These findings indicate that a bulking diet should be relatively high in protein, carbs and fats. Also, it's important to create a caloric surplus. Each pound of fat equals about 3,500 calories. Therefore, it's necessary to take in an extra 3,500 calories to gain one pound.
Create a Healthy Bulking Diet
Athletes are not the only ones who can benefit from bulking and cutting. Anyone can use this approach to lose or gain weight. Bulking, however, isn't all about loading up on calories. What matters most is where those calories come from.
A meal consisting of roasted turkey breast and sweet potatoes, for instance, isn't the same as one consisting of chicken nuggets and fries. If your diet is based largely on highly processed foods, you'll end up gaining fat, not lean mass.
Read more: Bodybuilding and Stomach Fat While Bulking
Protein, fats and carbs — the three macronutrients — are required in large amounts to keep your body functioning optimally. Each gram of protein or carbs provides 4 calories. Dietary fat, by contrast, supplies 9 calories. Athletes manipulate their macros to lose fat, build mass or maintain their weight. To put it simply, they plan their meals and snacks around their ideal macronutrient ratios — and you can do the same.
A bulking diet for women should provide just the right amounts of protein, carbs and fats to build lean mass while minimizing fat gain. By increasing your calorie intake, you'll gain both muscle and fat. However, if your calories come from quality protein, healthy fats and complex carbs, you'll find it easier to keep fat gains to a minimum.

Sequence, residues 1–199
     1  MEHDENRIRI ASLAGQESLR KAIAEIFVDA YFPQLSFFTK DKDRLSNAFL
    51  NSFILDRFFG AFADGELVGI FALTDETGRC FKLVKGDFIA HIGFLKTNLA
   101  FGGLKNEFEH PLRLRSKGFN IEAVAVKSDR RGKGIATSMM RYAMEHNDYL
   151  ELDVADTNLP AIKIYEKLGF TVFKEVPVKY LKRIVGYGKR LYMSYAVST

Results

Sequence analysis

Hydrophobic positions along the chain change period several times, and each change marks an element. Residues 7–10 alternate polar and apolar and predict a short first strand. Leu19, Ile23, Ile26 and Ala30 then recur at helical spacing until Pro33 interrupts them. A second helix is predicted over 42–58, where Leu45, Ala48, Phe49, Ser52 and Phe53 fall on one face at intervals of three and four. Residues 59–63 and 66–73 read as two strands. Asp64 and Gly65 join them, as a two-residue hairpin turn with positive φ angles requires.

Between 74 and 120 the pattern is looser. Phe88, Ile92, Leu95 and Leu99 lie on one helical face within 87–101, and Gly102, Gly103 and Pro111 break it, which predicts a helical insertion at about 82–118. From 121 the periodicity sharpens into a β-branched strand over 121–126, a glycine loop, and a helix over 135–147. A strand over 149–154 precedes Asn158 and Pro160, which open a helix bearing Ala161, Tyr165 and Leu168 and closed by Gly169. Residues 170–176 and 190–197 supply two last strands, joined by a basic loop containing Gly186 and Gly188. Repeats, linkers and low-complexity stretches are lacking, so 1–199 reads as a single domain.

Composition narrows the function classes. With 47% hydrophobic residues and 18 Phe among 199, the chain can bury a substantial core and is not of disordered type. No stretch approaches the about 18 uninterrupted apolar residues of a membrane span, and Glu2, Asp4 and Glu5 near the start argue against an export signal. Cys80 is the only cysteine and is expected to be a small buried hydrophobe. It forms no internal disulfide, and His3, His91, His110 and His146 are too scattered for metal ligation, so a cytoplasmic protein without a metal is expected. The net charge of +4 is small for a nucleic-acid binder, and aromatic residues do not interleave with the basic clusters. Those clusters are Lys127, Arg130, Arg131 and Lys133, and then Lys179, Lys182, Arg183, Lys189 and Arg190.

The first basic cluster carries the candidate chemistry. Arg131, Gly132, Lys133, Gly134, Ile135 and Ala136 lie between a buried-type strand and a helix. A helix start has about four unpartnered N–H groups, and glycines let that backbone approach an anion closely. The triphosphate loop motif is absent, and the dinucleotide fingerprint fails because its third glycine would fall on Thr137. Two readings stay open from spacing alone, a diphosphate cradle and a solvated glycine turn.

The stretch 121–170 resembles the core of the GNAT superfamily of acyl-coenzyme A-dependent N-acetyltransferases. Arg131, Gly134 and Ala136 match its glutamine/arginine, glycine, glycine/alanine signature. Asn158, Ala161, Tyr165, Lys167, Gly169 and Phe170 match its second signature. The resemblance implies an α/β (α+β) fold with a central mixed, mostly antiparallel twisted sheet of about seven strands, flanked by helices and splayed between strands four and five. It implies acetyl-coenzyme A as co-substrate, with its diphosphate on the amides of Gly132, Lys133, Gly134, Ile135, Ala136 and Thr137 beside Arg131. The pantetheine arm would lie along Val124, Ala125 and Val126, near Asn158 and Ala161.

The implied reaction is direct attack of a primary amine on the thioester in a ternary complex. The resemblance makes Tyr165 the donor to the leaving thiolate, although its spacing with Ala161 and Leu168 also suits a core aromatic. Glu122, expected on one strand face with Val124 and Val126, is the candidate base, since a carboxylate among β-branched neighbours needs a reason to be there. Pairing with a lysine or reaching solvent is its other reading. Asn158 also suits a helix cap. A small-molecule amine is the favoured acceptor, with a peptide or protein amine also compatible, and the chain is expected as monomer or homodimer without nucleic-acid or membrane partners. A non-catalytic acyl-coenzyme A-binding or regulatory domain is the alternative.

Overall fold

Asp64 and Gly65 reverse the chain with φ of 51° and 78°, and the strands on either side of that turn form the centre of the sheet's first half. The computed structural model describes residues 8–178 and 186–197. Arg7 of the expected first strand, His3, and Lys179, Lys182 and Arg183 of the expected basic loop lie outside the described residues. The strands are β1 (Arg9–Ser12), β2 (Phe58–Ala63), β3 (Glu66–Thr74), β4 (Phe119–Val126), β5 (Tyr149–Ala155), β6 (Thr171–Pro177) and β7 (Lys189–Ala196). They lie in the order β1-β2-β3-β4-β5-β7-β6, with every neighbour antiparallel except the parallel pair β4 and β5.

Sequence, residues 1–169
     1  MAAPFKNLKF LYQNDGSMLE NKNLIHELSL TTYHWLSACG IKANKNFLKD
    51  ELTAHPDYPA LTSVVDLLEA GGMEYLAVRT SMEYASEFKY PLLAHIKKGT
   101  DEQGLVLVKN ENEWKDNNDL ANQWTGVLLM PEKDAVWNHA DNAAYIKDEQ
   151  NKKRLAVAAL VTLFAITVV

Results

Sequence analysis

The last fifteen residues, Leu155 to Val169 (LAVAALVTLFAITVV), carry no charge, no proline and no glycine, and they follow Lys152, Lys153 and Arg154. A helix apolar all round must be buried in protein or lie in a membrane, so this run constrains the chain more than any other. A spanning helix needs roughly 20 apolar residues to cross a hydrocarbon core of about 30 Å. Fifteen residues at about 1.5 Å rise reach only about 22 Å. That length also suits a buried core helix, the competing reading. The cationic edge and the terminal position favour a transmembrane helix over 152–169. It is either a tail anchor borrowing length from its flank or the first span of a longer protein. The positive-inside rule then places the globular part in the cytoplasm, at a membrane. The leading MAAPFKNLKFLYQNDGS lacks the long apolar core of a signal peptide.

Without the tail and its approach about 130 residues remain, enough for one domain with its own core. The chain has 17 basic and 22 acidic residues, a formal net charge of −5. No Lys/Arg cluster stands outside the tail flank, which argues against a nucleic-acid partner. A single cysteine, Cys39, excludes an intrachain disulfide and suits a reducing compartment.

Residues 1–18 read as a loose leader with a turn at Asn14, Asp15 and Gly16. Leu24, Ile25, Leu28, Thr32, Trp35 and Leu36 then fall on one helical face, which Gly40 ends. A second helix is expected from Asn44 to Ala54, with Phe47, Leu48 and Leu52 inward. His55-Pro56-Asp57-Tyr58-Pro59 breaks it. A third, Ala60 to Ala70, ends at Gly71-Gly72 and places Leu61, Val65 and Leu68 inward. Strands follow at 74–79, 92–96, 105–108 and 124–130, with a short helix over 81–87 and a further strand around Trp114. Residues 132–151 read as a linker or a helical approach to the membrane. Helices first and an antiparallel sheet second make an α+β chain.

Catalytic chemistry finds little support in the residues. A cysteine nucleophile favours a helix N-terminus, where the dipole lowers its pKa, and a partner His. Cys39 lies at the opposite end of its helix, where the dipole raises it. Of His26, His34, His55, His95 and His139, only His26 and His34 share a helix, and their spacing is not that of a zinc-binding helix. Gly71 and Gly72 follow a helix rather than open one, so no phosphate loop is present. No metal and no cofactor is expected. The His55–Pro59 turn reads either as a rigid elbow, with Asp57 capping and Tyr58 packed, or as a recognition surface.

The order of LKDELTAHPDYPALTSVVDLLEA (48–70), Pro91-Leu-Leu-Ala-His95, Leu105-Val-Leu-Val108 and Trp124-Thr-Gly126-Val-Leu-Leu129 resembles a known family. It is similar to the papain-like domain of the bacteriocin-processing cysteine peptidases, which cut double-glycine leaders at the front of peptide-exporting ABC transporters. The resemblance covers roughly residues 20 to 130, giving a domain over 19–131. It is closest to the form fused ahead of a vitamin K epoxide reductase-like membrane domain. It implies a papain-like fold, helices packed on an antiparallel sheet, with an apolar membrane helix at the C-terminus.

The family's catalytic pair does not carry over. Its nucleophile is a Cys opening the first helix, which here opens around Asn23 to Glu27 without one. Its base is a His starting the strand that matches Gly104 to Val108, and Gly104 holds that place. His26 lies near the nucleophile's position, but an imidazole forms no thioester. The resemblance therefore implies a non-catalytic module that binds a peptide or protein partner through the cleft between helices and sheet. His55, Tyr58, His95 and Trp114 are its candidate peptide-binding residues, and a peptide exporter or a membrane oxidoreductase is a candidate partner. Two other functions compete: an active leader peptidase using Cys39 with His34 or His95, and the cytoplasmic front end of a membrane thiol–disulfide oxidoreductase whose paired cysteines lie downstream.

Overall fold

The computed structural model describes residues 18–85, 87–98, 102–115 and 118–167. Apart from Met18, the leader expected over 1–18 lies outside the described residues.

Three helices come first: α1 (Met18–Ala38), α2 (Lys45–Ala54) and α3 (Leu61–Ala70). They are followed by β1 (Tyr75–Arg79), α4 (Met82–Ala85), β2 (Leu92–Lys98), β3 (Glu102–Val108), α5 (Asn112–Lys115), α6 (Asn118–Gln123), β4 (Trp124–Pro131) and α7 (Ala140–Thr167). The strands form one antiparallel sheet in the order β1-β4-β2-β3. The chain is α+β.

Furthermore, whole foods are also a good source of micronutrients, such as vitamins, minerals and antioxidants, and support overall health. Highly processed foods, by contrast, have little or no nutritional value.
Returning to the previous example, roasted turkey breast provides the following nutrients per serving (3 ounces):
- 125 calories
- 25.6 grams of protein
- 1.8 grams of fat
- 13 percent of the DV (daily value) of zinc
- 6 percent of the DV of magnesium
- 14 percent of the DV of vitamin B12
- 47 percent of the DV of selenium
Serve it with one serving of sweet potatoes for an extra:
- 103 calories
- 2.3 grams of protein
- 23.6 grams of carbs
- 3.8 grams of fiber
- 0.2 grams of fat
- 12 percent of the DV of potassium
- 7 percent of the DV of magnesium